by Rachel Crowell Friday, August 3, 2018
It’s hard to imagine Earth without the Great Barrier Reef, yet with the threats confronting it — including ocean warming and acidification — its demise is a possibility marine scientists are studying. A new study of how sea-level rise and sedimentation have impacted the reef over the last 30,000 years, however, shows it might be more resilient than previously thought.
Jody Webster, a marine geologist at the University of Sydney in Australia, and colleagues report in Nature Geoscience that the reef has rebounded multiple times in the wake of die-off events.
The team cored into fossil portions of the Great Barrier Reef and conducted sedimentological, biological and geochronological analyses to assess “the impacts of abrupt sea-level and associated environmental changes,” the researchers wrote.
The cores were collected from 20 boreholes at 16 different sites off the coast of Mackay and Cairns in Queensland, Australia. In total, the team dated more than 580 samples of coral and coralline algae to produce the first continuous record of the Great Barrier Reef’s evolution over its lifespan.
The oldest fossil reef sample, which was collected from a site called Noggin Pass near Cairns, indicates that the first iteration of the reef was exposed and died about 30,000 years ago as sea level began to drop heading into the last ice age.
A second iteration, constituting a “very narrow and ephemeral fringing reef system,” existed from 27,000 to 22,000 years ago, but was killed by rapid sea-level fall and exposure as the ice reached its maximum extent in this part of the world. Vertical accretion, or growth, of this reef was slow — just 0.3 to 2.5 millimeters each year — possibly resulting from restricted available space or higher local sedimentation during its lifetime. The depth of the water in which the reef was growing plummeted to less than 10 meters before this portion of the reef perished, according to the team’s analysis of coral-algae samples.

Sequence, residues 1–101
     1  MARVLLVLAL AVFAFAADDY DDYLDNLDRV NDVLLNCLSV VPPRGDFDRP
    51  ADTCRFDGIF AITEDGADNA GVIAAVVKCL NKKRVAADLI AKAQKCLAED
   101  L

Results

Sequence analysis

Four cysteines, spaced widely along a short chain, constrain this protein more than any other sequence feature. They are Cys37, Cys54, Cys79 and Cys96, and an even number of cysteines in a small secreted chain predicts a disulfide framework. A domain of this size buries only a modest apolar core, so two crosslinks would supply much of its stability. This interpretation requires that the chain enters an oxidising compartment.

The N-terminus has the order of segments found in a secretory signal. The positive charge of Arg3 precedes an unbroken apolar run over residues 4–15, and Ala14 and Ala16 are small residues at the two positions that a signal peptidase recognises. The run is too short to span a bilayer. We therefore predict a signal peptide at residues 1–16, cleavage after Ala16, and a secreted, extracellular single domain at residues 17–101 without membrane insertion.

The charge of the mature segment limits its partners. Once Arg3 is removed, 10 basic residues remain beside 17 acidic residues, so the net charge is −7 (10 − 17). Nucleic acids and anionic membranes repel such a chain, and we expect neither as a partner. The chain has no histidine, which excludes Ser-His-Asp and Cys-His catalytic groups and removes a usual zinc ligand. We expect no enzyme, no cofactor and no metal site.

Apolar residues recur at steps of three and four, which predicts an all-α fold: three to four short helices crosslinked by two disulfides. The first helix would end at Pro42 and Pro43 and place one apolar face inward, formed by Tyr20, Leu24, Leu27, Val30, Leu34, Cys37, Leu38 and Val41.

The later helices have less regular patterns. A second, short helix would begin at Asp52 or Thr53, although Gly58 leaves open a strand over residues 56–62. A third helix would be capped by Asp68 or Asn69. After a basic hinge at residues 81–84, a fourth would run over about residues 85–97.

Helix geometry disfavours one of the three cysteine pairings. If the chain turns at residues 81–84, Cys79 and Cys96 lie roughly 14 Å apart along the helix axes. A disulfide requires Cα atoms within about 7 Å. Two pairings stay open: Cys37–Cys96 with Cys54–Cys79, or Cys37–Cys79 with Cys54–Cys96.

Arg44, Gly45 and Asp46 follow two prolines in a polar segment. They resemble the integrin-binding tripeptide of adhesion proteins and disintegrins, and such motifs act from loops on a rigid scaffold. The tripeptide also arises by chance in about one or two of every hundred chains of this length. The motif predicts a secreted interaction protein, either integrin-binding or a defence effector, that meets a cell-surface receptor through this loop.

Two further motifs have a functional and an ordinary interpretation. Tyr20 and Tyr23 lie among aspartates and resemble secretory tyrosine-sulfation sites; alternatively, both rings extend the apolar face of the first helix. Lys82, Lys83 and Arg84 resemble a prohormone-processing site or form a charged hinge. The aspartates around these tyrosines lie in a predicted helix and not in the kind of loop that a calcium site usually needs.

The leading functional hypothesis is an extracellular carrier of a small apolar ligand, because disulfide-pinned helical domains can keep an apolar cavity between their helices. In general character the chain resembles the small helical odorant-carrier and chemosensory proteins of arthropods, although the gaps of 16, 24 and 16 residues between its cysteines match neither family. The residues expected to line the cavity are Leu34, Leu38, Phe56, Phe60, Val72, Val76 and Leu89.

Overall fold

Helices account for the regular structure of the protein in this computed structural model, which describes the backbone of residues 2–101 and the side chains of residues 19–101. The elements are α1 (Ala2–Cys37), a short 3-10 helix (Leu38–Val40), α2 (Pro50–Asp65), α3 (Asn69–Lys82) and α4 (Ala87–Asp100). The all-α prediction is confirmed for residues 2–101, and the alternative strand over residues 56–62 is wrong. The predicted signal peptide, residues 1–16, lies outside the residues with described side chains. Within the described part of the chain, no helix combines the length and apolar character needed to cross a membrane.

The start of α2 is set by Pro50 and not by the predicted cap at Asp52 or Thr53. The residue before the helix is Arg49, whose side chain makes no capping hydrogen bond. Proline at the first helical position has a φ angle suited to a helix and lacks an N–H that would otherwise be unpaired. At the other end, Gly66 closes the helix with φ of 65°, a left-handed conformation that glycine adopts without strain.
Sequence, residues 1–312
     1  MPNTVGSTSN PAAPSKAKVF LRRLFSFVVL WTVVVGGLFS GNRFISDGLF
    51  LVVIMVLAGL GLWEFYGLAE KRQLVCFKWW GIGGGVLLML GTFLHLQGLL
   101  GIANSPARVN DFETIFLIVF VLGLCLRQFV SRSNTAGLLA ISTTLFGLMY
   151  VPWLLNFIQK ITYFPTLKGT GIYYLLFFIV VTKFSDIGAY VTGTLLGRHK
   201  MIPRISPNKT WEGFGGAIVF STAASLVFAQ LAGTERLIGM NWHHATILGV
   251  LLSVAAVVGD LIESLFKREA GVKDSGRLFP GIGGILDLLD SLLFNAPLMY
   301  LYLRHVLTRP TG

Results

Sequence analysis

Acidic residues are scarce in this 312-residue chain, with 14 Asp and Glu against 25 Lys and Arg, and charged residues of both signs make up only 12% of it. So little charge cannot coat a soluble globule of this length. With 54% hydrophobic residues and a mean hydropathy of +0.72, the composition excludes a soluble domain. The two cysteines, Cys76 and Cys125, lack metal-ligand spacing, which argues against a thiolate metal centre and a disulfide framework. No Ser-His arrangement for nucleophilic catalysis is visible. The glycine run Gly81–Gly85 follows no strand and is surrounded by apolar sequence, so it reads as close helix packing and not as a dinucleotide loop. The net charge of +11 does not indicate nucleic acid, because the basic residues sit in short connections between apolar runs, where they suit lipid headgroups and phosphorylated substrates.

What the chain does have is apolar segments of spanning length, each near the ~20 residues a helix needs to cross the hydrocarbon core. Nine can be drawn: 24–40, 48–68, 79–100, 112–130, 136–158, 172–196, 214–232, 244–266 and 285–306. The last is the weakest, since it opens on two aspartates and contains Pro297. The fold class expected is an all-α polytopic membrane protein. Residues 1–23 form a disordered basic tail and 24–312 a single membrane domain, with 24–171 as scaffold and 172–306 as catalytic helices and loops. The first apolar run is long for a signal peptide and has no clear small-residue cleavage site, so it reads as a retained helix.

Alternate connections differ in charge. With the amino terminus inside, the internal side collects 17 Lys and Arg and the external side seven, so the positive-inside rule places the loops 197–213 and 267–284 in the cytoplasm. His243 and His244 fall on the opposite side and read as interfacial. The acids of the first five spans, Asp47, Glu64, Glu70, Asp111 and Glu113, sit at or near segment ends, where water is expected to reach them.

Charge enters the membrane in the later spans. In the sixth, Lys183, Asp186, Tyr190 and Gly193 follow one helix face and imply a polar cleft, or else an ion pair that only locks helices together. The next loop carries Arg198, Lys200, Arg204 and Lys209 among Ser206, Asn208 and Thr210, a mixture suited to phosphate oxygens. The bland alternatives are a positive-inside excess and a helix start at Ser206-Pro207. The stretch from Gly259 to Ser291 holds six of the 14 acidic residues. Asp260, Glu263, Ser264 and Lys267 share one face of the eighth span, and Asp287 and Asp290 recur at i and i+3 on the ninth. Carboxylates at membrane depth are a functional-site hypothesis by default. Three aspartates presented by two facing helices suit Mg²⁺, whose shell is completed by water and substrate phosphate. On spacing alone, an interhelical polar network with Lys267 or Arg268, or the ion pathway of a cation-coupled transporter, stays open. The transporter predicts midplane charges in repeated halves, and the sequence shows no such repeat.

Between 21,000 and 17,000 years ago, sea-level rise resulting from early deglaciation spurred reef development with rapid yearly vertical accretion rates of 3.9 to 4.4 millimeters. About 16,000 years ago, however, “an increased flux of fine terrigenous sediments … may have reduced light availability and water quality,” Webster and her team wrote. That, combined with rapidly rising sea levels, drowned the reef. The last reef die-off was due to similar causes and occurred about 10,200 years ago.
“This is a very interesting, detailed reconstruction of coral reef response — for example, growth rate and community structure — to Earth’s last major period of climate disruption during the ice age and subsequent deglaciation,” says Kenneth Rubin, a geochemist and volcanologist at the University of Hawaii at Manoa, who wasn’t involved with the research. “It provides clues as to how coral reefs respond to environmental change.”
Today’s Great Barrier Reef began growing about 9,000 years ago. While it faces sea-level rise and other threats from which previous incarnations of the reef bounced back, today’s threats are occurring more widely, at the same time and at a faster pace, the authors note.
“The outlook is still likely bleak in the short term (10 to 50 years), if we continue to see year-on-year coral bleaching and other pressures,” Webster says.
With additional pressures from sea-surface temperature increases of 0.7 degrees Celsius per century and “sharp declines in coral coverage … our new findings provide little evidence for resilience of the Great Barrier Reef over the next few decades,” the researchers wrote.
Study co-author Donald Potts, a coral reef ecologist at the University of California, Santa Cruz, says the reef may disappear for a few human generations, but says it’s likely the reef “will [eventually] re-establish and recover.”
© 2008-2021. All rights reserved. Any copying, redistribution or retransmission of any of the contents of this service without the expressed written permission of the American Geosciences Institute is expressly prohibited. Click here for all copyright requests.